Here is part of a printed proof, read against copy. In BS5261, each mark in the text is explained by a mark in the margin. The proofreader has used red pen to delete a comma and change J to I – the typesetter's mistakes – and blue for an editorial error, changing i to j (italics are shown by an underline). The proofreader has taken in the author's corrections in black. Really clear mark-up like this takes only seconds, and this is the standard to aim at; anything less leads to new errors, queries and delay.

Mark-up on screen

Here is part of a proof read 'blind' and marked up on screen, using PDF stamps for the BS5261 marks and the Typewriter function for new text. The marks are grouped, so clicking on the circle around R also selects the downcase symbol and the solidus (forward slash) that marks the end of the correction; using this system, the designer or typesetter sees these three marks as a single change in the comments list. The solidus (forward slash) after the delete symbol beside line 1 is a space-saving way of showing a repeated change. Really clear mark-up like this takes only a few more seconds, and this is the standard to aim at. This was a real job, done at normal speed.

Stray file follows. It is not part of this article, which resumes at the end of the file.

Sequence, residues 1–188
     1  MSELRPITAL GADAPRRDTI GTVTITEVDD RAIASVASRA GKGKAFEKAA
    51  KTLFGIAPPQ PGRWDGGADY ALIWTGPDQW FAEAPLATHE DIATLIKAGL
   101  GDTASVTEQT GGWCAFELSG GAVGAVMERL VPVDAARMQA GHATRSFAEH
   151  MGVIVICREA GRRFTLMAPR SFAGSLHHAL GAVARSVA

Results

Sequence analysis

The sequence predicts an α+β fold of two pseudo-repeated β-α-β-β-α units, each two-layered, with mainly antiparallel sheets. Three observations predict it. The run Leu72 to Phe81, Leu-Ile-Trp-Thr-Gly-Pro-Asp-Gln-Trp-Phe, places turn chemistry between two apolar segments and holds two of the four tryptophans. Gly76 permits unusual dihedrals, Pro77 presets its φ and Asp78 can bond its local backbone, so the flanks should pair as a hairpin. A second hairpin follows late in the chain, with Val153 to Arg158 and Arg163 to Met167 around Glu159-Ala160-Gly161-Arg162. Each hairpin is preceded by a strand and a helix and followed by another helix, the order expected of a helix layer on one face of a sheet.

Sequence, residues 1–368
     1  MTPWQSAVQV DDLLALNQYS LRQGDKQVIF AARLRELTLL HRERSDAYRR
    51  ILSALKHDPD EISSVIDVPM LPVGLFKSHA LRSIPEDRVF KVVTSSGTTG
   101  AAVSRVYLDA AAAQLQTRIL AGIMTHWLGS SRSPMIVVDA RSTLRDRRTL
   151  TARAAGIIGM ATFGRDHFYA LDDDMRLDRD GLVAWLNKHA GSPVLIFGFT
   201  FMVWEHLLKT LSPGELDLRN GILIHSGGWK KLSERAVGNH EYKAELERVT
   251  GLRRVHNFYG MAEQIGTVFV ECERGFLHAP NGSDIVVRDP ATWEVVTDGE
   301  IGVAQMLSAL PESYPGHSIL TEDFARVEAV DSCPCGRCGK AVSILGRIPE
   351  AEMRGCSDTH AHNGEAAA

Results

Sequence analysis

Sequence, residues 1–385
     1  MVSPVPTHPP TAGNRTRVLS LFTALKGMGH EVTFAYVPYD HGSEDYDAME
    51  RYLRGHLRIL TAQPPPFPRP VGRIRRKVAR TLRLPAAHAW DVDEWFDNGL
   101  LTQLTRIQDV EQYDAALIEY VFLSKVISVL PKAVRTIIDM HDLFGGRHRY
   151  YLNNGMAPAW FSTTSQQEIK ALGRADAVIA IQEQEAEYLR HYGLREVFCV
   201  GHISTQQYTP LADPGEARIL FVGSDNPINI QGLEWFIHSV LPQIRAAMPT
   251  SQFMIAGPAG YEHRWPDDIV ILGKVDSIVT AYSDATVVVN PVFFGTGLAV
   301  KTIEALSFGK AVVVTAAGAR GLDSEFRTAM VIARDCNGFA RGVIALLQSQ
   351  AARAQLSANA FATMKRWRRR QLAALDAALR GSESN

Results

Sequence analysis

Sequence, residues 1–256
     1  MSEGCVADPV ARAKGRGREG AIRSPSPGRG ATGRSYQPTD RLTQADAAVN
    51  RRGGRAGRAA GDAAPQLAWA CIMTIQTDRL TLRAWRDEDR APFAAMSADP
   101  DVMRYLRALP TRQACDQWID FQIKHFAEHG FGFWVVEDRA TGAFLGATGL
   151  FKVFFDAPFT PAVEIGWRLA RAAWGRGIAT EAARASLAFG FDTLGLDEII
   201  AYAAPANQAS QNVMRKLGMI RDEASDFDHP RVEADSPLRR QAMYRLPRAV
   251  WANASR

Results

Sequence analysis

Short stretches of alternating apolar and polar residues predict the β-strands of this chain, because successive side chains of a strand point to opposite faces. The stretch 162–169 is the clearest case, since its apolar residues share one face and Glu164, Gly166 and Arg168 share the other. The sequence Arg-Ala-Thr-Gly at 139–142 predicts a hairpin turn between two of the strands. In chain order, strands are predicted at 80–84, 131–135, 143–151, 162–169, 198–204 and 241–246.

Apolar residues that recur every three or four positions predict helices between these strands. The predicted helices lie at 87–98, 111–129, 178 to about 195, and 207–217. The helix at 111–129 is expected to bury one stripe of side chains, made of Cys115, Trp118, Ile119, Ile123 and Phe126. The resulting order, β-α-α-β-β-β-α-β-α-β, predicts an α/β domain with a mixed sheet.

If the client prefers PDFs marked up on screen using the program's built-in tools, that is what the proofreader will use. If the client supplies material in Word or a similar program, this is not a proof, though many proofreaders may be willing to 'proof-edit' it.

How fast do proofreaders work?

That depends how complex, difficult or badly written the text is. How many problems did it have to begin with? How well was it edited? Unless the material is straightforward, it will need at least two passes – one for headings, numbering and layout, say, and one for content.